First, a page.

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Trade policy and ecology

Author

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  • Carl-Erik Schulz

Abstract

Trade sanctions on product exports are often used as measures for conservation of stocks of living resources. Two opposing approaches are investigated. The harvest approach argues that sanctions reduce the harvest, and thus protects the stock. It is shown that this does not consider the long run effects nor the effects of sanctions on the management system. The investment approach argues that increased price protects the stock, making the species a profitable investment. It is shown that this approach does not consider the asset effects of price changes, and that the sanctions usually increase the stock in an one species analysis. If the wildlife competes for land the conclusions may be different, but still sanctions usually works. If the manager has a joint management of several species, the stock effects of sanctions are ambiguous, depending on both the species interaction, and the profitability of the harvesting from each of them. In this case it is not possible to use intuitive reasoning, sanctions give distortions to all stocks simultaneously. The threat of extinction depends crucially on the unit cost in harvesting of depleted stocks. The paper concludes that trade policy is a too general measure for the management of living resources, and may implicate important economic distortions to the ecological system. Copyright Kluwer Academic Publishers 1996

Suggested Citation

  • Carl-Erik Schulz, 1996. "Trade policy and ecology," Environmental & Resource Economics, Springer;European Association of Environmental and Resource Economists, vol. 8(1), pages 15-38, July.
  • Handle: RePEc:kap:enreec:v:8:y:1996:i:1:p:15-38
    DOI: 10.1007/BF00340651
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    References listed on IDEAS

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    1. Neher,Philip A., 1990. "Natural Resource Economics," Cambridge Books, Cambridge University Press, number 9780521311748, May.
    2. Daly, Herman & Goodland, Robert, 1994. "An ecological-economic assessment of deregulation of international commerce under GATT," Ecological Economics, Elsevier, vol. 9(1), pages 73-92, January.
    3. Copes, Parzival, 1970. "The Backward-Bending Supply Curve Of The Fishing Industry," Scottish Journal of Political Economy, Scottish Economic Society, vol. 17(1), pages 69-77, February.
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    5. Barbier, Edward B. & Schulz, Carl-Erik, 1997. "Wildlife, biodiversity and trade," Environment and Development Economics, Cambridge University Press, vol. 2(02), pages 145-172, May.
    6. Clark, Colin W. & Munro, Gordon R., 1975. "The economics of fishing and modern capital theory: A simplified approach," Journal of Environmental Economics and Management, Elsevier, vol. 2(2), pages 92-106, December.
    7. Brown, K. & Perce, D. & Perrings, C. & Swanson, T., 1994. "Economics and the Conservation of the Global Biological Diversity," Papers 2, World Bank - Global Environment Facility.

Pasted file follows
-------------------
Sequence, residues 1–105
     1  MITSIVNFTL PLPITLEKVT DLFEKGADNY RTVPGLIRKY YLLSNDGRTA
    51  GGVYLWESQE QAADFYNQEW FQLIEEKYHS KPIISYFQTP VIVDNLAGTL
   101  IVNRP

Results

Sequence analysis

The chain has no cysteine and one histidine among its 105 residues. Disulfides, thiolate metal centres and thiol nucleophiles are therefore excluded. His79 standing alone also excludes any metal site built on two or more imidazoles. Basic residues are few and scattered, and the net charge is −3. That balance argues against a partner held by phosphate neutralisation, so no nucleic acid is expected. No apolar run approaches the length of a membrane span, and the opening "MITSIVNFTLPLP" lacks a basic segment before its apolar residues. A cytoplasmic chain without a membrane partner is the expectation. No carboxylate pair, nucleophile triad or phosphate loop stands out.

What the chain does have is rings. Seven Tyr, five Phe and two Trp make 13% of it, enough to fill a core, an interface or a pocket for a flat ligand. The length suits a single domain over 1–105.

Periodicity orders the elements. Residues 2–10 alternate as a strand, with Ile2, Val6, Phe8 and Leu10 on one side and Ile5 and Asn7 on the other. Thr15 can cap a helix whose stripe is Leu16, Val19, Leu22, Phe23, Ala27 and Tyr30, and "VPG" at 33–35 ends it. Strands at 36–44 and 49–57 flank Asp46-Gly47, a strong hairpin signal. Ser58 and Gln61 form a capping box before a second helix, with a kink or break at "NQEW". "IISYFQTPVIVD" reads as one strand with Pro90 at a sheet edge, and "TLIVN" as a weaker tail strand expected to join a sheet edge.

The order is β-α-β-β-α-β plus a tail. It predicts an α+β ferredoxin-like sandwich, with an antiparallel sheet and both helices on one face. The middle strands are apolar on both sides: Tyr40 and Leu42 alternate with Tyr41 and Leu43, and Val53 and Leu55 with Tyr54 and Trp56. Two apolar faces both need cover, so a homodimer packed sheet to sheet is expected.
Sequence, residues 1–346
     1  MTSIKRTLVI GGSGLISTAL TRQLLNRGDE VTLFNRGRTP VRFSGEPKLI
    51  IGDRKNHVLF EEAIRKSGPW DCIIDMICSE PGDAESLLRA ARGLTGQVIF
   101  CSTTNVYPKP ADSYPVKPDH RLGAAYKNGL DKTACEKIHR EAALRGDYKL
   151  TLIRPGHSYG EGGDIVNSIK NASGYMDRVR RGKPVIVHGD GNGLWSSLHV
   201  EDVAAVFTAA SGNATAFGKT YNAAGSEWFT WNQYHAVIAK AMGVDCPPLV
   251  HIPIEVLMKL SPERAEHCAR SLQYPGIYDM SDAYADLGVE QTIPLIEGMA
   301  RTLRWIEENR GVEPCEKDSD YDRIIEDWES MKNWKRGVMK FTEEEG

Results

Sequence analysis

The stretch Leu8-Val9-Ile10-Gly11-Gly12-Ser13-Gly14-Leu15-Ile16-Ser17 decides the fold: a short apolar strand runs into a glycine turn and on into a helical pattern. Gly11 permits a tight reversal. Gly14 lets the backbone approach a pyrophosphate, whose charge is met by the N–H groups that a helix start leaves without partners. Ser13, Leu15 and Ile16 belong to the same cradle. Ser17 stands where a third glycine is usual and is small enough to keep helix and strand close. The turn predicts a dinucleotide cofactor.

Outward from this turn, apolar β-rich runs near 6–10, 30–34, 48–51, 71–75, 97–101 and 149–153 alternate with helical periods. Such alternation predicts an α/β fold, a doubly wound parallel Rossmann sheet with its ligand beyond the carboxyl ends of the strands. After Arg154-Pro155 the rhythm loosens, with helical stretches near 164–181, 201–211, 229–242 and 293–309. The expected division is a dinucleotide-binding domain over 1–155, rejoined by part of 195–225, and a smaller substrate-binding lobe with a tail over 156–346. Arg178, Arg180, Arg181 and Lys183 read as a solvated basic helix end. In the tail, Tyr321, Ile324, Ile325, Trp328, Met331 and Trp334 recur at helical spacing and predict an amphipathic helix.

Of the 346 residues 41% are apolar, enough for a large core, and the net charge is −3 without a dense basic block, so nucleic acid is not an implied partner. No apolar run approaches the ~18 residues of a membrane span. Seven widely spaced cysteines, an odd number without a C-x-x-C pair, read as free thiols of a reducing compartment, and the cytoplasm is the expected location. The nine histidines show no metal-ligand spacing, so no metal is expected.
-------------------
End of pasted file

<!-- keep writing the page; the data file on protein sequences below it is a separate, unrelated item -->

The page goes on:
8. Flaaten, Ola, 1991. "Bioeconomics of sustainable harvest of competing species," Journal of Environmental Economics and Management, Elsevier, vol. 20(2), pages 163-180, March.
    9. Edward Barbier & Michael Rauscher, 1994. "Trade, tropical deforestation and policy interventions," Environmental & Resource Economics, Springer;European Association of Environmental and Resource Economists, vol. 4(1), pages 75-90, February.
    10. Gary Clyde Hufbauer & Jeffrey J. Schott & Kimberly Ann Elliott, 1990. "Economic Sanctions Reconsidered: 2nd Edition," Peterson Institute Press: All Books, Peterson Institute for International Economics, number 82, January.
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    Citations

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    Cited by:

    1. Erwin Bulte & Edward Barbier, 2005. "Trade and Renewable Resources in a Second Best World: An Overview," Environmental & Resource Economics, Springer;European Association of Environmental and Resource Economists, vol. 30(4), pages 423-463, April.
    2. Bulte, Erwin H. & van Kooten, G. Cornelis, 2001. "Harvesting and conserving a species when numbers are low: population viability and gambler's ruin in bioeconomic models," Ecological Economics, Elsevier, vol. 37(1), pages 87-100, April.
    3. Nielsen, Max, 2006. "Trade liberalisation, resource sustainability and welfare: The case of East Baltic cod," Ecological Economics, Elsevier, vol. 58(3), pages 650-664, June.
    4. Sotelsek, Daniel F. & Azqueta Oyarzún, Diego, 1999. "Comparative advantages and the exploitation of environmental resources," Revista CEPAL, Naciones Unidas Comisión Económica para América Latina y el Caribe (CEPAL), August.
    5. Bulte, Erwin H. & Horan, Richard D., 2003. "Habitat conservation, wildlife extraction and agricultural expansion," Journal of Environmental Economics and Management, Elsevier, vol. 45(1), pages 109-127, January.
    6. Horatiu Rus, 2014. "Corruption, conflict and the management of natural resources," Economics of Governance, Springer, vol. 15(4), pages 355-386, November.
    7. Gawel, Erik & Bernsen, Kristina, 2011. "What is wrong with virtual water trading?," UFZ Discussion Papers 1/2011, Helmholtz Centre for Environmental Research (UFZ), Division of Social Sciences (ÖKUS).

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